Analyst Kevin Weekes Helps Change Face of Hockey

Frederick Cosby, BlackAmericaWeb.com, March 8, 2011

Anyone who doesn’t believe that the face of professional ice hockey is rapidly changing should take a look at Kevin Weekes.

For the second consecutive season, Weekes can be seen on “Hockey Night in Canada,” the first national black hockey analyst in the history of the Canadian Broadcasting Corporation’s prestigious ratings juggernaut, up north’s equivalent to the United States’ “Monday Night Football.”

“I’m something that ‘Hockey Night in Canada’ viewers hadn’t seen before,” Weekes told McClatchy Newspapers. “For some people, it has taken some time getting used to it. I know that from certain comments from the odd person. But the vast majority of people have been excellent.”

{snip}

[Weeks has] become such a hockey fixture that he’ll be in Washington this week to participate in the third annual Congressional Hockey Challenge, a game between hockey-playing members of the House of Representatives and Senate versus lobbyists; to stop by the White House to witness President Barack Obama congratulate the Stanley Cup champion Chicago Blackhawks {snip}.

Weekes will coach one of the teams in the Congressional Hockey Challenge. The proceeds from the event go to Washington’s Fort Dupont Ice Arena, one of the few ice skating rinks in America located in a predominantly black neighborhood, and to the Fort Dupont Ice Hockey Club, the nation’s oldest minority youth hockey program. Its founder, Neal Henderson, was profiled last month during NBC’s coverage of “Hockey Day Across America.”

Weekes’ presence on the air has been a game-changer in terms of attracting more black fans to hockey and showing black youths that hockey isn’t just an all-white sport. Willie O’Ree, who became the NHL’s first black player when he joined the Boston Bruins in 1958, said black kids can see someone who looks like them involved in a non-traditional game and see the possibilities for them in the sport.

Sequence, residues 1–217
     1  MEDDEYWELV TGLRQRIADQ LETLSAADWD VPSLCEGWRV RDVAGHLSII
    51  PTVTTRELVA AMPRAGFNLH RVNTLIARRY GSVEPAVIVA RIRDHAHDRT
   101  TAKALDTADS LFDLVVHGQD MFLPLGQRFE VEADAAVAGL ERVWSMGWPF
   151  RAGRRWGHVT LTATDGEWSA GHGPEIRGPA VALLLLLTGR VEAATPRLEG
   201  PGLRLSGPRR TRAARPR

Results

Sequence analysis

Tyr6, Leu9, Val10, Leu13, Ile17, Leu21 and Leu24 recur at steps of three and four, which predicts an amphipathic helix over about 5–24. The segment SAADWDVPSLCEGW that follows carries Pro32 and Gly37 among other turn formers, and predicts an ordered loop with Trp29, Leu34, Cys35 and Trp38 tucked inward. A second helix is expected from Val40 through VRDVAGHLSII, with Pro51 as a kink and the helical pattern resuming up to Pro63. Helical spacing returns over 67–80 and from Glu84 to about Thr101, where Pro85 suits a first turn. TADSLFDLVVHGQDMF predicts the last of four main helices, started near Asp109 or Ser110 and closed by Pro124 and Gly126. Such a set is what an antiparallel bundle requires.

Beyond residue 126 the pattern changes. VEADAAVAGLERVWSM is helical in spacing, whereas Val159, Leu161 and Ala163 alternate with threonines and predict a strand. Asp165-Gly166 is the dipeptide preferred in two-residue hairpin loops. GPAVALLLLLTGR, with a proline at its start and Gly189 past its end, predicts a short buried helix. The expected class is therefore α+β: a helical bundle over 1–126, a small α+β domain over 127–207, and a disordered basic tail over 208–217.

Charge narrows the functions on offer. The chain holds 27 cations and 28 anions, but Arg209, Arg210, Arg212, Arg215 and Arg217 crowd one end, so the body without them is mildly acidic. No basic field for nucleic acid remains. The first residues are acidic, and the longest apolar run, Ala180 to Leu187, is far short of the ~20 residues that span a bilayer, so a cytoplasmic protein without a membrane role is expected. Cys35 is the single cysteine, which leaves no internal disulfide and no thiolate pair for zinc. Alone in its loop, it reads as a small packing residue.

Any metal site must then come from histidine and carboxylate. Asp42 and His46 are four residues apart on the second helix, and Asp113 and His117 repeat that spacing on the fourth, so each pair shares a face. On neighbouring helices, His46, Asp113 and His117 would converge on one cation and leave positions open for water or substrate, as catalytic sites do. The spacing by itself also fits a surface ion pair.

{snip}

{snip} It used to be that black people didn’t want to hear anything about hockey, dismissing it as a white man’s game. Weekes recalls the days he was barely able to strike up a hockey conversation when he visited his black barbershop in hockey-crazed Toronto. {snip}

{snip}

“My concern with hockey in general,” Moore [former CBC president Scott Moore] told Sports Illustrated in 2009, “is we tend to skew old, and we tend not to speak to diverse communities.”

Weekes’ arrival in the broadcast booth coincides with growth in the number of black players in the NHL. There are more than 20 black players currently on NHL rosters, an all-time high. Four of them–all-star defenseman and Minnesotan Dustin Byfuglien, Canadian-born forwards Evander Kane and Anthony Stewart and Swedish defenseman Johnny Oduya–play for the Atlanta Thrashers.

{snip}

Topics:

Share This

We welcome comments that add information or perspective, and we encourage polite debate. If you log in with a social media account, your comment should appear immediately. If you prefer to remain anonymous, you may comment as a guest, using a name and an e-mail address of convenience. Your comment will be moderated.

Comments are closed.